GOYANG, South Korea -- The mechanical whirring of rotor-blades, electronic dance music blasting on speakers, and a light spectacle powered by countless LEDs. Like a scene out of a science-fiction movie, drones encased in a protective outer shell hover around furiously in an enclosed cage.
The final competition for the 'The 2018 Robo Universe Drone Soccer competition' took place Saturday in Goyang city, an hour away from Seoul. This year, more than 300 people from 22 teams competed for the winning trophy. The number of participants has doubled since last year's first-ever competition.
"A drone soccer game looks like a combat scene from the movie Star Wars," Lee Bum Su, the founder of drone soccer told ABC News. "We wanted to develop a game that could be enjoyed by amateur drone users, not only professionals."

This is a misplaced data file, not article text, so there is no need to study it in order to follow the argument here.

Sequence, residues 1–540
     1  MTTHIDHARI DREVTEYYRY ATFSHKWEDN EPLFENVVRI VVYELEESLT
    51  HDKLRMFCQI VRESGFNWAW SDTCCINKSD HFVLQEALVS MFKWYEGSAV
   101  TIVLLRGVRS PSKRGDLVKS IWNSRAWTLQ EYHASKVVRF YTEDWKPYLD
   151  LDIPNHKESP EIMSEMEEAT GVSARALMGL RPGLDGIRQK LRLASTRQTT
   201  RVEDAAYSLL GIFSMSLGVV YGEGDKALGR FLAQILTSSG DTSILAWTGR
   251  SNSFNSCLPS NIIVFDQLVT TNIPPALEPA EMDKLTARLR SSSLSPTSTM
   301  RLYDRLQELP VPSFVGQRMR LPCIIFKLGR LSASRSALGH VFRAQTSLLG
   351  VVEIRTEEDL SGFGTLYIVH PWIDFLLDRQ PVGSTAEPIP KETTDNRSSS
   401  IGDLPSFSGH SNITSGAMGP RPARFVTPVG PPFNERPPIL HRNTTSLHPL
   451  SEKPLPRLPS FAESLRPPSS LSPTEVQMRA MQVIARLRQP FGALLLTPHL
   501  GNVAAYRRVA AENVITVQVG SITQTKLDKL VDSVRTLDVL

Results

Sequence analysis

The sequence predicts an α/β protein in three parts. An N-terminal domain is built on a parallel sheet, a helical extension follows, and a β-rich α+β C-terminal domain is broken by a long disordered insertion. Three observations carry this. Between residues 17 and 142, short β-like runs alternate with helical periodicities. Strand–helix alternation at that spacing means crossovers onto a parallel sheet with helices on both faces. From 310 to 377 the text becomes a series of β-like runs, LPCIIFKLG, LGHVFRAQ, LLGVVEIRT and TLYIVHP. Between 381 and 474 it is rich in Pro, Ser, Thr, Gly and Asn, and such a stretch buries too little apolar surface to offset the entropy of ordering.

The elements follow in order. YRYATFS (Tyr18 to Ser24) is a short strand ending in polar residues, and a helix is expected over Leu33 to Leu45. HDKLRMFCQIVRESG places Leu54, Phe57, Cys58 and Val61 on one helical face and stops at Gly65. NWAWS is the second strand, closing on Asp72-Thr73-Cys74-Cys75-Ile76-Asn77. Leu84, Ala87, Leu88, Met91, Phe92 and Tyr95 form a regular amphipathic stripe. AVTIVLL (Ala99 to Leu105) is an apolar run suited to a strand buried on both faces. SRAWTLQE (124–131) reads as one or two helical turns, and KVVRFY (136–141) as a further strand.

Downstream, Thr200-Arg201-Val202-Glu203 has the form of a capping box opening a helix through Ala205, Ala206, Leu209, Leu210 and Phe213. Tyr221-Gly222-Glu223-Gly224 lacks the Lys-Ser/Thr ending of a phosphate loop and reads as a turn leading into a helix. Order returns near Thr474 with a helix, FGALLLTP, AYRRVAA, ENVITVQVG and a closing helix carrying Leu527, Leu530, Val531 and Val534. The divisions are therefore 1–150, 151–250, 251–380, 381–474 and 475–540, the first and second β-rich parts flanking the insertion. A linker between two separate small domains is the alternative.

A drone soccer game unfolds in mid-air, three meters above ground. Five players on each team score by passing their ‘striker drone’ through a circular goal post. The remaining four drones try to guard their goal post for three rounds. Each round lasts three minutes. A carbon fiber net, developed for this game, protects drones from crashing.
The tech-savvy sport was introduced to drone enthusiasts in 2016, by a research team in CAMTIC Institute of Technology, based in Jeonju city. With the support from the Ministry of Culture and Sports, the city hopes to expand drone soccer worldwide.
"Currently there are four drone soccer teams in the United Kingdom, China, Japan and Malaysia," Kim Seung-su, the mayor of Jeonju, told ABC News. "By the year 2025, we aim to host the drone soccer World Cup series in Jeonju.
"Maybe in upcoming years, drone soccer teams from all over the world will come to compete."
ABC News's David Park and Jaesang Lee contributed reporting.